In 1810 Heckewelder and his family returned to Bethlehem, Pennsylvania, where new labors awaited him. Caspar Wistar of the American Philosophical Society, solicited his efforts in recording his knowledge of Indian life. The resulting work, an "Account of the History, Manners, and Customs of the Indian Nations, Who Once Inhabited Pennsylvania and the Neighboring States," appeared in Transactions of the Historical & Literary Committee of the American Philosophical Society, vol. 1 (1819), translated into German and French editions. Heckewelder died in 1823.

Scope and content

This small collection of John Gottlieb Ernestus Heckewelder Papers contains three original manuscript letters and photostatic copies of four letters by Heckewelder and his daughter Johanna Maria [Polly] Heckewelder and a deed to an Indian Estate on the Muskingum river granted to Heckewelder as administrator of the lands held in trust for the Delaware Indian descendents.

The earliest document grants to Heckewelder a deed to Indian lands on the Muskingum river in eastern Ohio to administer the lands on behalf of the [Moravian] Society for the Propagation of the Gospel, who holds the land in trust for Delaware Indian descendents. The deed, dated March 28, 1800, was issued in pursuance of an Act of Congress of June 1, 1796. It is signed by President John Adams and Secretary of State Timothy Pickering.

A letter written July 3, 1800 by Heckewelder to Dudley Woodbridge discusses provisions and the price they would bring if sold.

One of the letters in the collection is written in German by John E.G. Heckewelder, to his daughter Johanna Maria, also called "Polly". The letter dated May 14, 1806 relates the story of an unidentified Shano Indian [from the Detroit area], who has a vision, urging that the witches among his people be burned. At a tribal meeting an Indian named Tetepάckki is denounced as a witch, and in turn incriminates another man named Josua, who kept poisons for him. They, together with two sisters Kluge and Luckenback were burned.

Another letter is written by Heckewelder to Isaac Chapman on January 23, 1818, providing an extract of the life of Chief Teedyuscung, "the last chief which the Delawares had had while residing on this side of the mountains."

Benjamin Mortimer wrote a letter to Heckewelder on May 20, 1822 regarding the fate of Christian Indians who lived in and around Goshen. He asked to see Heckewelder's report prior to it being sent to the president.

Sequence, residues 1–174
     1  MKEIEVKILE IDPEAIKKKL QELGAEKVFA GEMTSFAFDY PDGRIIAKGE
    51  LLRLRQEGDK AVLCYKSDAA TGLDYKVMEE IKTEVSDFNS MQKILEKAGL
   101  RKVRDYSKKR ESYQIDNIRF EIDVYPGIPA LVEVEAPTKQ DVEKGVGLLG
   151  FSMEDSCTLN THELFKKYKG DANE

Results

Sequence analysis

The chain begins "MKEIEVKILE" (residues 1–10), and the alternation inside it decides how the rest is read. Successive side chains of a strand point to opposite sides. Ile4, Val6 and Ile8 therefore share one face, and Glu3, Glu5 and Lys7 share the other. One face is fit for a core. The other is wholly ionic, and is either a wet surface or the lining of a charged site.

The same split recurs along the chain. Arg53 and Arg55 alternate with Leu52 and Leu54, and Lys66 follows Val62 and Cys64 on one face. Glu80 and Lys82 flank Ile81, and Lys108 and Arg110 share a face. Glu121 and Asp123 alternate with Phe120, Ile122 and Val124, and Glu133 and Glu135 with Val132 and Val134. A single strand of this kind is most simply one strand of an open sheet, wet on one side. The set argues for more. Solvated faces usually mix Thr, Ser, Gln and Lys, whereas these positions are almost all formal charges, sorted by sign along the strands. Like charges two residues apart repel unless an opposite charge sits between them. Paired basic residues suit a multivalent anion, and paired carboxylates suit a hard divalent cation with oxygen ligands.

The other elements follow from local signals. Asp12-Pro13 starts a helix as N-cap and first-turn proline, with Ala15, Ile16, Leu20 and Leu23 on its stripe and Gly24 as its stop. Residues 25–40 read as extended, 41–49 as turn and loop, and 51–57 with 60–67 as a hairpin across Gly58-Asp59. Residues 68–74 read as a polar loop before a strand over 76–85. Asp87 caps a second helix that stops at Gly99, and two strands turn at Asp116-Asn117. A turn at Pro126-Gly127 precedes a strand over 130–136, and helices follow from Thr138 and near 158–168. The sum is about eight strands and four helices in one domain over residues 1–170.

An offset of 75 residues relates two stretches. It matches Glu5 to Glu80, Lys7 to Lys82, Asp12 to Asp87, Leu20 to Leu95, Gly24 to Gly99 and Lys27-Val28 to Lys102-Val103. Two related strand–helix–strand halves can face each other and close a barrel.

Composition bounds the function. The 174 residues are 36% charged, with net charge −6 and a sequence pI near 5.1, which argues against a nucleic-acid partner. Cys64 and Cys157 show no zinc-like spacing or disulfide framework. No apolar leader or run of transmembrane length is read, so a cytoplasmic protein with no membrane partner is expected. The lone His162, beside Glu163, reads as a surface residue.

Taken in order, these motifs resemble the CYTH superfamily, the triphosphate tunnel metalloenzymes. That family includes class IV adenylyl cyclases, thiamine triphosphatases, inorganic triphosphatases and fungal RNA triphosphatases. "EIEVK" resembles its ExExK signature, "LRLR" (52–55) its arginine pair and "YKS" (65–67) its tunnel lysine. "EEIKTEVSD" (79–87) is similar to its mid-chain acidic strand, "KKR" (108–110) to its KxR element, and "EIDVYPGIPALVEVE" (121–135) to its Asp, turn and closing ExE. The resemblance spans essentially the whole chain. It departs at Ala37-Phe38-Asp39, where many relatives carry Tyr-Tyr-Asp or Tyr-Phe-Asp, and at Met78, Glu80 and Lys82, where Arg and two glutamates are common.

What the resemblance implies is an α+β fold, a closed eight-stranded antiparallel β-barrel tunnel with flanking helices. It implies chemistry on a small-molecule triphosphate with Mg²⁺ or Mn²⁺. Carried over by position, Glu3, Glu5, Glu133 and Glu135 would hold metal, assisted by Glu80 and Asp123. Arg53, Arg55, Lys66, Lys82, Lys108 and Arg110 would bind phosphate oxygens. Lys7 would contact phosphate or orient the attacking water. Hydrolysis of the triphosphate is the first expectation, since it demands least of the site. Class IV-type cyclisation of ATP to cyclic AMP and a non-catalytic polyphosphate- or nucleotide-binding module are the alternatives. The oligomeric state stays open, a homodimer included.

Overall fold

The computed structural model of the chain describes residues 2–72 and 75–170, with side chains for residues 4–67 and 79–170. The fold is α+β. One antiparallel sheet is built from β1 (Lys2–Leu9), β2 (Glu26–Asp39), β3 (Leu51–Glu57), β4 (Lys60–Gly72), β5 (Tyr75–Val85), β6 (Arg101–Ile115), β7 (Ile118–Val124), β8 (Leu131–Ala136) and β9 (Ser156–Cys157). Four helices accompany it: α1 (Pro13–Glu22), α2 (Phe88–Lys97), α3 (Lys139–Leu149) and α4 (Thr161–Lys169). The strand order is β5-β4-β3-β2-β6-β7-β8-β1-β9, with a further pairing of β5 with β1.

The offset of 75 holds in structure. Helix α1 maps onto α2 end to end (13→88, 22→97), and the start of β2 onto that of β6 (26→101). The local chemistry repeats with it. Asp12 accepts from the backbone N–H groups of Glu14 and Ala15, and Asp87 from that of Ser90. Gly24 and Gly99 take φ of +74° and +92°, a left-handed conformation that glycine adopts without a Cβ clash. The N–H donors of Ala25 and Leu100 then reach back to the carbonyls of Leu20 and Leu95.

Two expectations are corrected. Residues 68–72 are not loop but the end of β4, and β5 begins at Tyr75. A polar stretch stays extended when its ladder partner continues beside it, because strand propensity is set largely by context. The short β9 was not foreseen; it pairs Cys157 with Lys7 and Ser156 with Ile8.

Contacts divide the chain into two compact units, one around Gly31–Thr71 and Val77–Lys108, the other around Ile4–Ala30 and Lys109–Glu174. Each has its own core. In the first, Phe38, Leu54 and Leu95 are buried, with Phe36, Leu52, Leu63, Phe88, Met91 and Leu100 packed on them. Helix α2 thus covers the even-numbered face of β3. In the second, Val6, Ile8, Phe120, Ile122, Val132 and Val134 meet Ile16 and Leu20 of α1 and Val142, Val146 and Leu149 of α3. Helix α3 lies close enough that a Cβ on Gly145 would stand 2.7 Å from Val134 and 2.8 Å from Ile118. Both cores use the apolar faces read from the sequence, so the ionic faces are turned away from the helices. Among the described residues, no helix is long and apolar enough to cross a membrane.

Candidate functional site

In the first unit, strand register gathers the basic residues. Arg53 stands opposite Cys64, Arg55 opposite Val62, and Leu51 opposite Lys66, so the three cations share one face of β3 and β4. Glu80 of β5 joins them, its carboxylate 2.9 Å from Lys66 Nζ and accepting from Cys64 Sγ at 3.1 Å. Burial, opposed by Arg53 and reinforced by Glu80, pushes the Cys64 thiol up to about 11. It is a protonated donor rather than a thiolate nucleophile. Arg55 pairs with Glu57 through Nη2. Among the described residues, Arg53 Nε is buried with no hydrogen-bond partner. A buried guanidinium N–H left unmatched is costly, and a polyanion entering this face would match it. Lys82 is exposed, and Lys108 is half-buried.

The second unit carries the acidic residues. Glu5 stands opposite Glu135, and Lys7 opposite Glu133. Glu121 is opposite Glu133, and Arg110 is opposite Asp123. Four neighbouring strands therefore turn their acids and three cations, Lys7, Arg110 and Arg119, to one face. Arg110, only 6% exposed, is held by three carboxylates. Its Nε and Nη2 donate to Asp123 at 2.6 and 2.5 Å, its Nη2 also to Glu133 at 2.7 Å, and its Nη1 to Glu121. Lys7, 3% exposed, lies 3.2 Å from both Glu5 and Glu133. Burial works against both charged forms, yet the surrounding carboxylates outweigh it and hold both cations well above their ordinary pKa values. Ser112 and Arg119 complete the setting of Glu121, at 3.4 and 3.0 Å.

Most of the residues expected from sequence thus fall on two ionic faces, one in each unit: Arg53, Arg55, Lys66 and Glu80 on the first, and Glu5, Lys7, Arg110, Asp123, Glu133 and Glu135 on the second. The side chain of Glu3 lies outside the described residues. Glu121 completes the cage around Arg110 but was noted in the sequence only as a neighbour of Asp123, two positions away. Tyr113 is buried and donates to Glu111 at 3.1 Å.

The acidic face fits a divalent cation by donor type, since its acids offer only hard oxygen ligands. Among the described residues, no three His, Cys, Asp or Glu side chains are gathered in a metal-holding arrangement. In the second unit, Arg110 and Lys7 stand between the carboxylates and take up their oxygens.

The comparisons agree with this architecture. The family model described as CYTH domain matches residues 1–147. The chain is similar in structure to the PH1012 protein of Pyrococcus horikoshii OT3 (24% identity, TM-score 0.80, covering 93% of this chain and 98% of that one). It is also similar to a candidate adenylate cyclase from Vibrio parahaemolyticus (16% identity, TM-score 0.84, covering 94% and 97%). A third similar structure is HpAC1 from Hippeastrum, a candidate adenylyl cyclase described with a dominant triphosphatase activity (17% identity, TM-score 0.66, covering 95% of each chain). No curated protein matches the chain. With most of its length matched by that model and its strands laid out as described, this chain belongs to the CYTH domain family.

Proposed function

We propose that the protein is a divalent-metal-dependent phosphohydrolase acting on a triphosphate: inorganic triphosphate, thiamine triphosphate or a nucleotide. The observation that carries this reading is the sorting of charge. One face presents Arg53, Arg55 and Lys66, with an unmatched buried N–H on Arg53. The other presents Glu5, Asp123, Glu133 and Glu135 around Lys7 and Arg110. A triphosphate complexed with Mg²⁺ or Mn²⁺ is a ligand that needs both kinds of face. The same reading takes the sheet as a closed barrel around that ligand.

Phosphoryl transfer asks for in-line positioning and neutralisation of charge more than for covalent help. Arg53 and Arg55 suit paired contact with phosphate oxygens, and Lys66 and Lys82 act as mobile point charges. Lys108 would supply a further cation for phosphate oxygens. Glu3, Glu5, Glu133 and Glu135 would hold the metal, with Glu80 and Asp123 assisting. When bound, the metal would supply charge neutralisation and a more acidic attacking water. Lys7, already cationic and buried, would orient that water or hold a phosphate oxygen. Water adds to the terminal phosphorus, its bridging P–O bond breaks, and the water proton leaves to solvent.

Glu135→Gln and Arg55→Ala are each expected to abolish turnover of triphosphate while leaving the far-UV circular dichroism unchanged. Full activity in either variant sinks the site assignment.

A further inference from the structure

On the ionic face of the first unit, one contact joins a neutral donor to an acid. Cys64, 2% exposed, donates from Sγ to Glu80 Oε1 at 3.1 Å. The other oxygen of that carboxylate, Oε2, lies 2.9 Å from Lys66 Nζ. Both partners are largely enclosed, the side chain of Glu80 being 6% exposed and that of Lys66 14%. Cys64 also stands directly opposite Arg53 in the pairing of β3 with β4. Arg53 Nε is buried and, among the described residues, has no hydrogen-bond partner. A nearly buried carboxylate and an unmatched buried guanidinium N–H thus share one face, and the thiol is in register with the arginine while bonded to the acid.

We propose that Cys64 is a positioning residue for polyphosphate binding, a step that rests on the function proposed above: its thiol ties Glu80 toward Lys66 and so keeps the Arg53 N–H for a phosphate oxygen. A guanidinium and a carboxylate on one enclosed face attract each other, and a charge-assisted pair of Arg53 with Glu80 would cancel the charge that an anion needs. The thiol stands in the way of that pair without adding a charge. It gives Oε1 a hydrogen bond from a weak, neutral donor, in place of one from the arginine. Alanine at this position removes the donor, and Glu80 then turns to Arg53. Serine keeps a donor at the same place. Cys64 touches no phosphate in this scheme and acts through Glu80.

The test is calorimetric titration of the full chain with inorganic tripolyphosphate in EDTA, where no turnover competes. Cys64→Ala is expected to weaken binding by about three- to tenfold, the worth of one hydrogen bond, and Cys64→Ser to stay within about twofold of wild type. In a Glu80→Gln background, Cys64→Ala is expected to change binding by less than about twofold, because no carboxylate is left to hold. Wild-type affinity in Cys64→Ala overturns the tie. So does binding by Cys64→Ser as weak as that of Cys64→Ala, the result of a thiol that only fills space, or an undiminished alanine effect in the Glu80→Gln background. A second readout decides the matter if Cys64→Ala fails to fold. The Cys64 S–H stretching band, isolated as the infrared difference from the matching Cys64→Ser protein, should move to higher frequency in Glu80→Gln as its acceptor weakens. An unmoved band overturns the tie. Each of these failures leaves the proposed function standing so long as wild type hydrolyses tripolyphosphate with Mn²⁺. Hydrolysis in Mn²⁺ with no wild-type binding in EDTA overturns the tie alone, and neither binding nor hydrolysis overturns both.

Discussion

The other two letters, both in English, are Polly Heckewelder's responses to queries from Lyman Copeland Draper of Baltimore. In the April 15, 1847 letter she provides information from her father's papers on several Delaware Indian chiefs about whom Draper had inquired. One chief named King Shingosh is described by Heckewelder as the "greatest Delaware captain" of his day; who during the French and Indian War was such a terror to Pennsylvania frontiersmen, that the governor of Pennsylvania put a price of £200 on his head. She also mentions a certain Captain Pipe, noted for his courage in wars against the English and his strategy to capture Fort Pitt.

In another letter to Draper dated September 1, 1848 she says her father's papers make no mention of the murder of the Logan family at Yellow Creek , and that he was not responsible for an article that appeared in the National Gazette, describing the affair. Although she can offer Draper no further assistance, she agrees to lend him a copy of a book entitled An Enquiry into the causes of the Alienation of the Delaware and Shawnee Indians from the British Interest by Charles Thomson (London, 1759).

Digital objects note

This collection contains digital materials that are available in the APS Digital Library. Links to these materials are provided with context in the inventory of this finding aid. A general listing of digital objects may also be found here.

Collection Information

Physical description

8 items

8 items


The four original items of the collection were acquired in 1958. An additional accession occurred in 1999, purchased from Sotheby's in May 1999, from funds from Friends of the APS Library.

Early American History Note